Shine a Light: High-Resolution Microscopy and Imaging in Biology
Posted March 09, 2009
Innovations in light and electron microscopy and biological imaging are a foundation for experimental biology. At the January 29, 2009, meeting of the Soft Materials Discussion Group, scientists described new approaches for imaging cellular events and the contributions of existing methods on the front lines of epidemics.
Jennifer Lippincott-Schwartz of the National Institutes of Health began with a discussion of developments in photoactivatable protein technology. Biomedical engineer Maribel Vazquez of CUNY's City College described work on a nanomicrofluidic system that monitors both cellular movement and intracellular signaling in response to external factors. Charles Humphrey of the U.S. Centers for Disease Control in Atlanta described his work with negative stain transmission electron microscopy (TEM), a decades-old technique that is still the fastest way to identify emerging viral pathogens.
Use the tabs above to find a meeting report and multimedia from this event.
From HHMI: New Microscope Sharpens Scientists' Focus
The remarkable story of the development of PALM.
Careers at CDC: CDC Microscopics
A description of the microscopy facilities at CDC.
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Lippincott-Schwartz J, Manley S. 2009. Putting super-resolution fluorescence microscopy to work. Nat. Methods 6: 21–23. Full Text
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Manley S, Gillette JM, Patterson GH, et al. 2008. High-density mapping of single-molecule trajectories with photoactivated localization microscopy. Nat. Methods 5: 155-157. Full Text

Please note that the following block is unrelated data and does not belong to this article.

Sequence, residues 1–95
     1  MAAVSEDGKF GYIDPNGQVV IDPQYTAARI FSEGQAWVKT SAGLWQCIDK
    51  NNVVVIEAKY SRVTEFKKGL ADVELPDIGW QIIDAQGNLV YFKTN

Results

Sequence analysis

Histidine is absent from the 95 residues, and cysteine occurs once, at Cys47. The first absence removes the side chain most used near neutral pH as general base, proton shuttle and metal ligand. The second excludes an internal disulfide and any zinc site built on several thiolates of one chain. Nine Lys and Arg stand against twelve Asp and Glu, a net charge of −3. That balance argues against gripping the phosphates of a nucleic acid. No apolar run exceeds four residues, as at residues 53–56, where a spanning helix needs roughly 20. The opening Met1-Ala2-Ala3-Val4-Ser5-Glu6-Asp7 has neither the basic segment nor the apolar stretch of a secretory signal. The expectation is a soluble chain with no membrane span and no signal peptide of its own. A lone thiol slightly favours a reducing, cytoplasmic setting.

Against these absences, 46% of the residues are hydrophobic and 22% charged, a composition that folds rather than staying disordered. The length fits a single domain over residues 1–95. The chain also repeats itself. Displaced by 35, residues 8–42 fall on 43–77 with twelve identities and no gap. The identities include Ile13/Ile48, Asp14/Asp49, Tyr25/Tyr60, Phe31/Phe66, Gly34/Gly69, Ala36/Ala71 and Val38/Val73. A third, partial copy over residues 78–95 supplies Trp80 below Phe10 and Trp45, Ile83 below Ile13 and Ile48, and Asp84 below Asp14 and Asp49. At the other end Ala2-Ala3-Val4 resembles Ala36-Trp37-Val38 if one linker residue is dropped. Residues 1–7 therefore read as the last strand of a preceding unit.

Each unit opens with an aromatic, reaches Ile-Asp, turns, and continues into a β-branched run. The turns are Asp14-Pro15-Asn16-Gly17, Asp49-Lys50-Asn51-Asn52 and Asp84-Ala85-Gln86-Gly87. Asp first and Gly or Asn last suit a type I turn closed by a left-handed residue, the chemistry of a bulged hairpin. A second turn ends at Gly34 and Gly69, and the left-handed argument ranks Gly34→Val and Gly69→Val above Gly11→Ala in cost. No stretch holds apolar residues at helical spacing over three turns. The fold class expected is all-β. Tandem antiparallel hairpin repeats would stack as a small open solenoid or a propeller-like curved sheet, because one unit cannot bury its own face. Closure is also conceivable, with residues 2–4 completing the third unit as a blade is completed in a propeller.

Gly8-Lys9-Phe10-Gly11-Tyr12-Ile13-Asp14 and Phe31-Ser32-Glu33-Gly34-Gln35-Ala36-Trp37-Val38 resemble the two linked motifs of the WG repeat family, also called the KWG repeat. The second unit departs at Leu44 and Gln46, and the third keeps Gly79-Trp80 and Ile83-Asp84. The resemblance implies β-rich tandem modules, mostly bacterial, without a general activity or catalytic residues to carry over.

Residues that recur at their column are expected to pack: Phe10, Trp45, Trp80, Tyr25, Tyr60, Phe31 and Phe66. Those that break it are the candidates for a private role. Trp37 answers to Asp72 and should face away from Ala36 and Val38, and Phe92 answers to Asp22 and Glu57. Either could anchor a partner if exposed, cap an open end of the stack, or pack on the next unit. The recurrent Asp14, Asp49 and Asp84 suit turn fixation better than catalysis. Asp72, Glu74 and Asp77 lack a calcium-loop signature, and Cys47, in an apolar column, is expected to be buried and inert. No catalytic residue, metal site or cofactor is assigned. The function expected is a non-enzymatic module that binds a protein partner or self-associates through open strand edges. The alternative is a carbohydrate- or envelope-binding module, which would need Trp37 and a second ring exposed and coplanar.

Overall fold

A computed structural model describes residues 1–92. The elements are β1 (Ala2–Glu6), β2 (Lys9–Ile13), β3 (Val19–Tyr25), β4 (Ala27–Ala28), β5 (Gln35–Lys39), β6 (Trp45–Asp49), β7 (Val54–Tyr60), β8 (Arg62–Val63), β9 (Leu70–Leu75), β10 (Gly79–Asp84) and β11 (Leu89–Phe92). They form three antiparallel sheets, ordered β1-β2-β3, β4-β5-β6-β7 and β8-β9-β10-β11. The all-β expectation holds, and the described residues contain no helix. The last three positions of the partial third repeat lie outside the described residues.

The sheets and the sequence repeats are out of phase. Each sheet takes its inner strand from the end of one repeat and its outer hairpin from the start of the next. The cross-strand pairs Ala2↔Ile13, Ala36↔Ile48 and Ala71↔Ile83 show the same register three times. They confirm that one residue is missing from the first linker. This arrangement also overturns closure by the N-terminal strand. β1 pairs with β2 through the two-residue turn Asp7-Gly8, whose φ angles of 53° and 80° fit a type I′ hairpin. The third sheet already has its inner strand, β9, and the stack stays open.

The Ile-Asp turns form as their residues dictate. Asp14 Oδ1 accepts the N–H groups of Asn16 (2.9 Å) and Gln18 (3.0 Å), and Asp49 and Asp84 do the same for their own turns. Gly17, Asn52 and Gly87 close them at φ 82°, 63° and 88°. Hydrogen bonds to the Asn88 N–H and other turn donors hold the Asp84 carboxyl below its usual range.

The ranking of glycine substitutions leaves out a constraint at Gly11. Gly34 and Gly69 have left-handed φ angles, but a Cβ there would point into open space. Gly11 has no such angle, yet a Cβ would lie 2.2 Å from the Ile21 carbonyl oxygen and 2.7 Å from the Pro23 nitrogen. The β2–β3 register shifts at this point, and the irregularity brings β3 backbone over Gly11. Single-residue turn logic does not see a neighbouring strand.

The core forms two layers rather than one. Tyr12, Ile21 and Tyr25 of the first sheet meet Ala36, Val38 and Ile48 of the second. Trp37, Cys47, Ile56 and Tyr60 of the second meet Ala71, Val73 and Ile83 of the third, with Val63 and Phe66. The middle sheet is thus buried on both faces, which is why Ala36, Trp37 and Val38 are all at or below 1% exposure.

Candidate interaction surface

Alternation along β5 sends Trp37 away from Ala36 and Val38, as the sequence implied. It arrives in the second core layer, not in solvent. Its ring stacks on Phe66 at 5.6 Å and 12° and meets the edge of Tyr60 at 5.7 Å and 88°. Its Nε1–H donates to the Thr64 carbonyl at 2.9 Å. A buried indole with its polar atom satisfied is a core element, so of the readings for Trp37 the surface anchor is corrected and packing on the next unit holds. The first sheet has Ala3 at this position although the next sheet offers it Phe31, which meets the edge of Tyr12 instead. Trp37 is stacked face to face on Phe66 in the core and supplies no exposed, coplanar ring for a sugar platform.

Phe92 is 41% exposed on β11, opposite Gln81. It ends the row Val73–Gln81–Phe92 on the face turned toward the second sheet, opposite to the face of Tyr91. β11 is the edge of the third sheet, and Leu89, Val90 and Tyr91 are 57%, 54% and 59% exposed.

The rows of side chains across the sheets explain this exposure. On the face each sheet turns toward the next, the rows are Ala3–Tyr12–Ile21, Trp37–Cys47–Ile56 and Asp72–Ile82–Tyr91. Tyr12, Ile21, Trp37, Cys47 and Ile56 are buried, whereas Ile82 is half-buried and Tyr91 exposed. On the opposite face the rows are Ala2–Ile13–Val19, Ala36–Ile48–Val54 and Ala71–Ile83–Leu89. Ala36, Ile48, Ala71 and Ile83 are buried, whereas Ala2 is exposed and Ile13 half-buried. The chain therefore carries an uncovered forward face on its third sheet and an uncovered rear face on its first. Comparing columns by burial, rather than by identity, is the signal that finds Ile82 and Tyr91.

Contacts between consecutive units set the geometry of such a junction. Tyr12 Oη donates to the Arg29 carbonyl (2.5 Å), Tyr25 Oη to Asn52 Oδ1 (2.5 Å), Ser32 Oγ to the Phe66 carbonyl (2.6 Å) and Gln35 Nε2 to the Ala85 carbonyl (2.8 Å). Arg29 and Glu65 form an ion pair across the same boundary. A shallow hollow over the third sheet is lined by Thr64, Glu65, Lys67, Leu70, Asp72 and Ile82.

Patterson GH, Lippincott-Schwartz J. 2008. Fluorescent proteins for photoactivation experiments. Methods Cell Biol. 85: 45-61.
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Jennifer Lippincott-Schwartz, PhD
Jennifer Lippincott-Schwartz is the chief of the section on organelle biology at the NIH's National Institute of Child Health and Human Development in Bethesda, Maryland. She received her PhD from Johns Hopkins University and completed postdoctoral research at NIH. Research in her laboratory focuses on the cellular activity of eukaryotic endomembrane system and the molecular details of its structure and function.
Maribel Vazquez, PhD
Maribel Vazquez is an associate professor of biomedical and mechanical engineering at City College of the City University of New York. She completed her MS and DSc degrees in mechanical engineering at Massachusetts Institute of Technology, and completed her undergraduate degree at Cornell University. From 1992 to 1995 she worked as a microcontamination and manufacturing engineer for Intel Corporation in Portland, Oregon.
Charles Humphrey, PhD
Charles Humphrey is an electron microscopist in the Infectious Disease Pathology Branch of the United States Centers for Disease Control and Prevention in Atlanta, Georgia, where he has worked since 1983. He completed his PhD at Clemson University in South Carolina and postdoctoral research at the Medical University of South Carolina in Charleston. His expertise is in negative stain transmission electron microscopy of gastrointestinal viruses.
Before hanging up her labcoat, Sarah Webb earned a PhD in bioorganic chemistry from Indiana University. Based in Brooklyn, NY, she writes about science, health, and technology for publications including Science, Science News, Discover, and Nature Reports Stem Cells.